iPhone used to capture stunning photo, videos from 360 miles above Earth
What you need to know
- A new photo and some videos from the SpaceX Inspiration4 mission have been shared — and it was all shot on an iPhone.
- Jared Isaacman shared everything via Twitter.
It's amazing what an iPhone can do.
We've seen iPhones used in some amazing ways over the years, but new tweets shared by SpaceX Inspiration4's Jared Isaacman include a photo and some videos that were taken more than 360 miles above Earth — and they're stunning.
Isaacman spent time in orbit as part of the SpaceX mission and while the team had more impressive, dedicated camera hardware to hand, it was left to an iPhone to capture views that were simply stunning. And a xenomorph even joined in the fun, too.
Cool video from 🐉 cupola w/ xenomorph. In hindsight, it wasn’t worth the trouble of repacking the alien and probably took away from the video… but the view is pretty incredible and my kids will like the 👽— Jared Isaacman (@rookisaacman) September 24, 2021
Shot from: iPhone. pic.twitter.com/OB0KTIlv0y
While Isaacman didn't mention which iPhone was used to capture the image and video, it's unlikely to have been an iPhone 13 given the dates involved — the whole thing went down just days after the new handsets were announced.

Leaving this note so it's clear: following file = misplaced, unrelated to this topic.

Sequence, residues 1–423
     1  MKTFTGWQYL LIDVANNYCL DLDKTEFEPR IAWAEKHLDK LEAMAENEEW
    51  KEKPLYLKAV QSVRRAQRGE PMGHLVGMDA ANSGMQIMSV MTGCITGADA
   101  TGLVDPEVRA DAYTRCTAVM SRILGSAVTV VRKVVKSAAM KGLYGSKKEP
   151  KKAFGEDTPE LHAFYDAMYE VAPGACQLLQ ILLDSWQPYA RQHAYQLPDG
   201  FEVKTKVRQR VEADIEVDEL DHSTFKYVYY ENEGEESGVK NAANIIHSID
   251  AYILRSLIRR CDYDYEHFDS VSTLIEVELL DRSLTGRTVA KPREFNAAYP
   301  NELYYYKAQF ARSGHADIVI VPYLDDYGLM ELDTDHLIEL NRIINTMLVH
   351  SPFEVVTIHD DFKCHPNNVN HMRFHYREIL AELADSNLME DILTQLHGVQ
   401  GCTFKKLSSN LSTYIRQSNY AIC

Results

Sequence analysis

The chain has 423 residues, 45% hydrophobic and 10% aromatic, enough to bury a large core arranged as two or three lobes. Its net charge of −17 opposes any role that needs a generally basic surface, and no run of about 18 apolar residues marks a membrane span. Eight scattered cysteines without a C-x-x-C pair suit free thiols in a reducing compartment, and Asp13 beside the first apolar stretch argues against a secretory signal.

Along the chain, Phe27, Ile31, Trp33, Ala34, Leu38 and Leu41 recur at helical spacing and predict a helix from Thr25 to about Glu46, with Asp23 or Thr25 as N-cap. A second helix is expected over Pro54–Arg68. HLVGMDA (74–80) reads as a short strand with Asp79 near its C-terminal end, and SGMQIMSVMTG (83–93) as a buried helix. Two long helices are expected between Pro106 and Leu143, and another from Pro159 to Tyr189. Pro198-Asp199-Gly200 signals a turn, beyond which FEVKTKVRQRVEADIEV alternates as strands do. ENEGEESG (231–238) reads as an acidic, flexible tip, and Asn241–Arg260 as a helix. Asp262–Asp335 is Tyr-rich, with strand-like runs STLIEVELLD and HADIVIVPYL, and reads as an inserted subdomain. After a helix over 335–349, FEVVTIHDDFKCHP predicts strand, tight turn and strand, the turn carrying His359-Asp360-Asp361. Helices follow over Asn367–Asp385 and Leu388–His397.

Amazing that an iPhone can take a shot like this. I really love the nosecone in the picture. pic.twitter.com/sz1UVx3pUE— Jared Isaacman (@rookisaacman) October 3, 2021
While the new cameras are perhaps one of the best iPhone upgrades this year, older iPhones have long been a solid option for people wanting to capture content without the expense of a dedicated shooter. As impressive as Isaacman'\s tweets are, we should perhaps be less surprised at the quality of the work and more impressed by what they show — a peaceful Earth hundreds of miles below.
That's something Isaacman himself hinted at in a separate tweet.
A video over Brazil from first day on orbit. Shot w/iPhone but hopefully we can get some of @inspiration4x Nikon shots out soon. Such a privilege to see our 🌎 from this perspective. We need to take far better care of our home planet and also reaching for the stars. pic.twitter.com/mAQw6eK8Ui— Jared Isaacman (@rookisaacman) September 25, 2021
Want to learn how to take the best possible photos with your own iPhone? Check out our list of the top ten tips for taking great photos with your iPhone — don't worry, you don't need to be shot into space to follow along.